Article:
Find a Way, by Diana Nyad

Labor Day, September 2, 2013

110.86 miles.

Fifty-two hours, fifty-four minutes, eighteen seconds.


A woman swimming in a bathing suit (not a wetsuit) in cold ocean water, surrounded by lethal jellyfish and worrying about sharks. Fighting the resistance of the Gulf Stream. Not stopping to take a nap. Finally hearing her best friend’s voice announce: “Those are the Lights of Key West.” Walking out of the water surrounded by a phalanx of friends and crew, because if anyone—even a well-meaning, eager fan—touches her before she exits the water completely, the swim doesn’t count.

Such was Diana Nyad’s epic swim from Cuba to Florida, which she details in her inspiring new book, Find a Way. Nyad, a champion swimmer in her youth, had always wanted to make the swim from Cuba to the U.S., but the era’s politics (and swim technology) kept her from her goal. Cuba remained her ideal swim, irreplaceable by swims around Manhattan or other ocean quests. At age 60—after 30 years away from swimming—Nyad decided to pursue her ultimate quest.

Nyad set to work, finding navigators and ocean experts, perfecting her training and her swim stroke. She set off from Cuba five times before finally completing that swim in 2013. After four tries, most of the world deemed Nyad’s goal impossible to meet. With steely determination, however, Nyad took lessons from the first four failures. She learned new information that brought her closer to her goal. The world’s best jellyfish expert joined the crew and developed a special goo that coated Nyad’s body at night and protected her from the painful and life-threatening stings that ended the initial quests.

It is encouraging to learn that Nyad finds herself a better endurance athlete in her sixties than she was as a young woman. Many 24-hour swims are part of the training for a 52-hour swim! Did you know that it takes “seven hours on the nose” to sing all the lyrics to the Beatles’ song, Ticket to Ride, 210 times without stopping? Or that you can count 60 x 60 stroke blocks per hour to while away the time? Nyad does that in six hour chunks: an hour of 60 x 60 in English, an hour in German, an hour in Spanish, an hour in French, then an hour of half English, half German, and an hour of half Spanish, half French. That counting gets you to “precisely” six hours. According to Nyad, “I never lose count. It takes a certain mindset.”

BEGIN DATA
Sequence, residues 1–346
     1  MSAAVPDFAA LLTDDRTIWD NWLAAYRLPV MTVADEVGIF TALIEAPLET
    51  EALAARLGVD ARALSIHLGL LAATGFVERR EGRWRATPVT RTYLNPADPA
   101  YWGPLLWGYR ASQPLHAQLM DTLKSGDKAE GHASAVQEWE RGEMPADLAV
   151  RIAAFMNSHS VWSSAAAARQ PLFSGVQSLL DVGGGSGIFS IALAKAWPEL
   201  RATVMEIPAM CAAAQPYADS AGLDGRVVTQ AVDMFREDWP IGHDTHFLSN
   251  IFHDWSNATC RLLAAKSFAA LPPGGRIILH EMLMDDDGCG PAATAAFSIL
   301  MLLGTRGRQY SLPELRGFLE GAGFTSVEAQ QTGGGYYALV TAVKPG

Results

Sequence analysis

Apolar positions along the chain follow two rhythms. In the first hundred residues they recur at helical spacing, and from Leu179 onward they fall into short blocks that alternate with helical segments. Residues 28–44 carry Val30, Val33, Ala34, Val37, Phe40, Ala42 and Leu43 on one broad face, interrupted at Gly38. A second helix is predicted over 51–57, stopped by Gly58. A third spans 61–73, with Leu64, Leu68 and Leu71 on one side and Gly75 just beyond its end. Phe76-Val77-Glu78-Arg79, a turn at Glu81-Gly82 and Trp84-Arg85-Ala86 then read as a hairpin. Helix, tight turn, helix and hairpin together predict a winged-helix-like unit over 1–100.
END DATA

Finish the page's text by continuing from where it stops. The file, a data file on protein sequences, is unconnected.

Regular H-G readers may be interested to learn that Nyad is an abuse survivor—first at the hands of her father, and then her high school swim coach. The details are sadly familiar. Although the high school principal knew of the coach’s abuse, he never revealed it publicly. Although the coach was fired, he moved onto prominent Olympic swim coaching positions. Even the managing editor of Sports Illustrated said that “everybody in the swimming world knew of this coach’s sex crimes and would shake their heads that he got away with it for so long.” Forty years after Nyad’s abuse, accusations of new molestations to girls by this coach arose. The statutes of limitations stood in the way of justice for Nyad and many other swimmers.

Nyad powerfully explains that as a young woman and athlete the abuse affected her interior world, making her angry, self-berating, and driven to prove her worth even to strangers. “Now, having the perspective of years lived to look back at my twenties and thirties and forties, I realize I spent much of my time, too much of my time, in a determined rage to validate that I was more than a female sex-crime victim.” Shame about the abuse silenced Nyad for many years. Fortunately for her readers, however, “I do talk publicly about that time in my life, because implicit in doing so is the message that going through that ordeal doesn’t have to keep an individual from becoming a strong, happy person.”

During the agonizing quest to meet her goal, Nyad learned that “[s]uccess comes down to four factors:

One: Physical preparation. Training. You are truly the only thing you have complete control over. No stone unturned.

Two: Know everything possible about the elements, the obstacles. Knowledge is power.

Three: Surround yourself with brilliant and honorable people.

Four: Unshakable faith. Go so far as defiance. Refuse to accept limitations and mediocrity. I won’t let anybody tell me I can’t touch the stars, because I just might get there. And I will surely never get there if I don’t keep trying.

It’s as Thomas Edison said it:

‘Our greatest weakness is giving up. The most certain way to success is to try one more time.’”

She did, and that fifth time worked.





Leslie C. Griffin

Leslie C. Griffin

Dr. Leslie C. Griffin is the William S. Boyd Professor of Law at the University of Nevada, Las Vegas, William S. Boyd School of Law. Professor Griffin, who teaches constitutional law, is known for her interdisciplinary work in law and religion. She holds a Ph.D. in Religious Studies from Yale University and a J.D. from Stanford Law School.